Again, the following is crucial: anything Adam West (and anyone else from the '66 series) had to say about the tone and meaning of the series should be broken up into a few categories:

1. What he said while the series was in production.
2. What he said in the first decade after its ABC run.
3. What he said in the 80s - forward.
4. Can the production years stories be corroborated with other interviews conducted in the same period?

Torres does cite a Rolling Stone article from the time where Adam West is pretty open about Batman's gay audience. Perhaps a reason we don't see much else said about the queerness of the show during its run (by Burt Ward, for example, who changed his tune when he wrote his book) is for the same reason that Sontag denies camp's inherit queerness - Camp, as well as the rest of America, is still very much in the closet in the mid 60s. We are barely a decade removed from the Lavender Scare and still three years before the Stonewall Riots. That is to say, as homosexuality has become less taboo, people have more to say about it. Gay people have always existed, but what is or isn't acceptable discussion has evolved since the 1960s.
This is the reason I said West quotes--and anyone else from the '66 series has--for the sake of honest, objective investigation--had to be placed in several categories to view in that chronological order, as those who created the series knew what their goals were and why the show was shaped in a certain way.

Going into it assuming something exists and completely ignoring even the possibility that "what you see is what you get" (in other words, there's no need to read anything into it, as it is plainly self-explanatory) cannot lead to a conclusion based on truth. See that Rolling Stones reference.
BATWINGED HORNET wrote:
Tue Feb 12, 2019 5:07 pm
Honestly, when Peter Parker had to lie to Aunt May (when he was living with her) to change into Spider-Man was it some suggestive idea of his hiding a secret life in a gay sense? How about Clark Kent: when he had to bail on his Daily Planet co-workers? Silver Age Tony Stark when he had to lie to Pepper in order to live that other life as Iron Man?
Right. Exactly. All in the closet.
Incorrect. Secret identities are an ancient concept in civilization--both as a real tool for concealment and in creative concepts. The need to conceal one's 2nd or other half dealt with safety, usually in trying to achieve some goal/mission that was dangerous to the one on the mission, or was designed to protect others from the potential of revenge against relatives or friends. There's no camp or queer element to that original, basic motivation.
.What matters is that, as a man with a secret life which he guards at all costs, who embodies masculinity with his muscular frame in a pair of tights and leather boots, Batman can and does represent something other than what he was designed as to a very specific audience. Taking that character from the pages of a comic book and putting it on screen only amplifies those qualities.
Notice what you're saying--"...to a very specific audience." In other words, a group--by no means a majority--will and have decided to see whatever they desire in anything, no matter what the truth of the creation was and continues to be ("what you see is what you get"). Once again, I refer to the Rolling Stones example, as some will use their isolated, preconceived conclusion and attempt to turn that into the official meaning/idea of an entire concept, which is what's happening in the '66 Batman case.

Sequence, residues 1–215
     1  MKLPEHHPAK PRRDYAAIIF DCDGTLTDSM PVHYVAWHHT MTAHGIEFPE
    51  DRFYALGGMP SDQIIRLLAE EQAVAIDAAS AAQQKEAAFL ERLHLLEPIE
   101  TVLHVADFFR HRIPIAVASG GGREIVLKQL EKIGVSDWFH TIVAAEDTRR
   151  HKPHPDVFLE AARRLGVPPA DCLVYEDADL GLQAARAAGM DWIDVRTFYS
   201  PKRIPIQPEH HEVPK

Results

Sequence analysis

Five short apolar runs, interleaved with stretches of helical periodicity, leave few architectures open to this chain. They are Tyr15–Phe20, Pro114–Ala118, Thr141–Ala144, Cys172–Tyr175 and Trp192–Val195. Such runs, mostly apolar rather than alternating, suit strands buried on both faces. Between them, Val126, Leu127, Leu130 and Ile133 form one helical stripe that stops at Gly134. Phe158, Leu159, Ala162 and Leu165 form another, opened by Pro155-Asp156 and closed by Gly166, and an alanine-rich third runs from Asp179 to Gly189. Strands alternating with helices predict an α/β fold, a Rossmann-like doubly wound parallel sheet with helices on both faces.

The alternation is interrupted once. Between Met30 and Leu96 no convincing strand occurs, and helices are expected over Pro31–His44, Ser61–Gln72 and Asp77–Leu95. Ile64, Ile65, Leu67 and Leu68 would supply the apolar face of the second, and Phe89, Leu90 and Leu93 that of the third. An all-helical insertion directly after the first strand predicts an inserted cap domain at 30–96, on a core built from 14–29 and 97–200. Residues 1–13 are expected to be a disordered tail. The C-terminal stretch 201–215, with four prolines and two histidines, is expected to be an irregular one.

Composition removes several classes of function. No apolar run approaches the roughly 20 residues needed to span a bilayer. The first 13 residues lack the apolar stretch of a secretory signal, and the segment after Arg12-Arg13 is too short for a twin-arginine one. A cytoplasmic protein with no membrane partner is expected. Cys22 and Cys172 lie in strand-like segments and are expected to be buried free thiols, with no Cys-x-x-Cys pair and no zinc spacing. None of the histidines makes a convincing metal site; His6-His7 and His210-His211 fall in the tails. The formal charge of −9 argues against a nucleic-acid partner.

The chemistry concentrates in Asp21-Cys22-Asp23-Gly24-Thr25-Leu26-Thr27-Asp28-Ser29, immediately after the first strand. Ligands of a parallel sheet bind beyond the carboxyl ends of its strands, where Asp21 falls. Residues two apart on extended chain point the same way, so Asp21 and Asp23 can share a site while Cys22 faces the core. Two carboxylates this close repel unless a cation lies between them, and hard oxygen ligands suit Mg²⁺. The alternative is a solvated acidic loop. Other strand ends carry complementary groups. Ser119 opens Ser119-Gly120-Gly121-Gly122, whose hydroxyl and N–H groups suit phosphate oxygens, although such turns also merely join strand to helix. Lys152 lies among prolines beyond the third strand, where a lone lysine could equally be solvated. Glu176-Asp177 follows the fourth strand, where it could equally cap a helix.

It's not Torres' goal to redefine Batman's sexuality. She only writes of the queerness of the character as a way to understand Camp, firstly. And secondly, as a way to explain why Dozier was so eager to distance the show from that term.
For all his fault$, Dozier was wise in trying to make a comic book adaptation appeal to a mid-late 1960s audience of both kids and adults, and there was a careful way of achieving that goal--which did not need misinterpretations, hence his desire to steer the show away from the waiting-at-the-gates group waiting to tell Dozier (in a most arrogant fashion) what he meant with his creation.
Especially in a post-Wertham world, it's impossible to imagine that no one in production of the show saw these connections. Multiple characters were created for the comics to combat these very allegations
That was reacting to--once again--an agenda (Wertham's) with no basis in fact. Either one knows his own creation, or he allows someone else to attempt to redefine it for him.
That is perhaps my biggest takeaway from this article. Previously I thought of the Batman show as being very aware of itself - campING, as Paul has said before. But now looking back at some of the innuendo (Burt Ward as Molly as Robin, styling his hair in the most effeminate way possible springs to mind)
You realize as part of the "joke," Molly as Robin had to act in that manner. Part of its humor coms from Burt (or perhaps at the insistence of director Robert Butler) going overboard, which is a very old routine predating film. However, for accessible visual references, look no further than The Three Stooges, who were just as exaggerated as Burt in their behavior/mannerisms anytime one of the Stooges dressed as a woman (typically to escape some crook or con someone out of something). To say there is something inherently queer in that (as a default definition) misses the entire point of assuming other characters or identities, then exaggerating it for obviously and outrageously comedic purposes.

Re: TO THE BATPOLES podcast #103: Pop vs Camp: Which is Batman ’66?

Posted: Wed Feb 20, 2019 2:27 pm
by Dan E Kool
BATWINGED HORNET wrote:
Tue Feb 19, 2019 1:41 am
Dan E Kool wrote: Right. Exactly. All in the closet.
Incorrect. Secret identities are an ancient concept in civilization--both as a real tool for concealment and in creative concepts.
For the record, I was being facetious...

In regards to the rest of your comment, if I understand you correctly, it is your belief that when interpreting a creative work only the creator's original intention is a valid interpretation of said work.

Nobody writing Batman thought of him as gay or that anything might possibly be considered queer, ERGO Batman is super straight.